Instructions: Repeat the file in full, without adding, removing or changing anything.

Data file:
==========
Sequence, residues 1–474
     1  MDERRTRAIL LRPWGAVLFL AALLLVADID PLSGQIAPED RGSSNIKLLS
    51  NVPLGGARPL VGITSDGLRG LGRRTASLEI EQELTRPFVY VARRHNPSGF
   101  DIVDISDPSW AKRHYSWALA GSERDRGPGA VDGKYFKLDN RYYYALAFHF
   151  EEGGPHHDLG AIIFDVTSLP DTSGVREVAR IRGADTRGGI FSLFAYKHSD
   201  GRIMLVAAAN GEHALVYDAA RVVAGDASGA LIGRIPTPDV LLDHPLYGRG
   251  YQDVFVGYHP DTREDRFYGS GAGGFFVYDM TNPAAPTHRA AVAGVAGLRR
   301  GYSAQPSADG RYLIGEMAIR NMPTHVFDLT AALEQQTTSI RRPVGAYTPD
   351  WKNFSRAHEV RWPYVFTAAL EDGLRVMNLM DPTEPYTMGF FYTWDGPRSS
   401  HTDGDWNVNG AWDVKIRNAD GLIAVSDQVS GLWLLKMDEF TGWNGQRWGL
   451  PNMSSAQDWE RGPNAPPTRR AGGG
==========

Sequence, residues 1–474
     1  MDERRTRAIL LRPWGAVLFL AALLLVADID PLSGQIAPED RGSSNIKLLS
    51  NVPLGGARPL VGITSDGLRG LGRRTASLEI EQELTRPFVY VARRHNPSGF
   101  DIVDISDPSW AKRHYSWALA GSERDRGPGA VDGKYFKLDN RYYYALAFHF
   151  EEGGPHHDLG AIIFDVTSLP DTSGVREVAR IRGADTRGGI FSLFAYKHSD
   201  GRIMLVAAAN GEHALVYDAA RVVAGDASGA LIGRIPTPDV LLDHPLYGRG
   251  YQDVFVGYHP DTREDRFYGS GAGGFFVYDM TNPAAPTHRA AVAGVAGLRR
   301  GYSAQPSADG RYLIGEMAIR NMPTHVFDLT AALEQQTTSI RRPVGAYTPD
   351  WKNFSRAHEV RWPYVFTAAL EDGLRVMNLM DPTEPYTMGF FYTWDGPRSS
   401  HTDGDWNVNG AWDVKIRNAD GLIAVSDQVS GLWLLKMDEF TGWNGQRWGL
   451  PNMSSAQDWE RGPNAPPTRR AGGG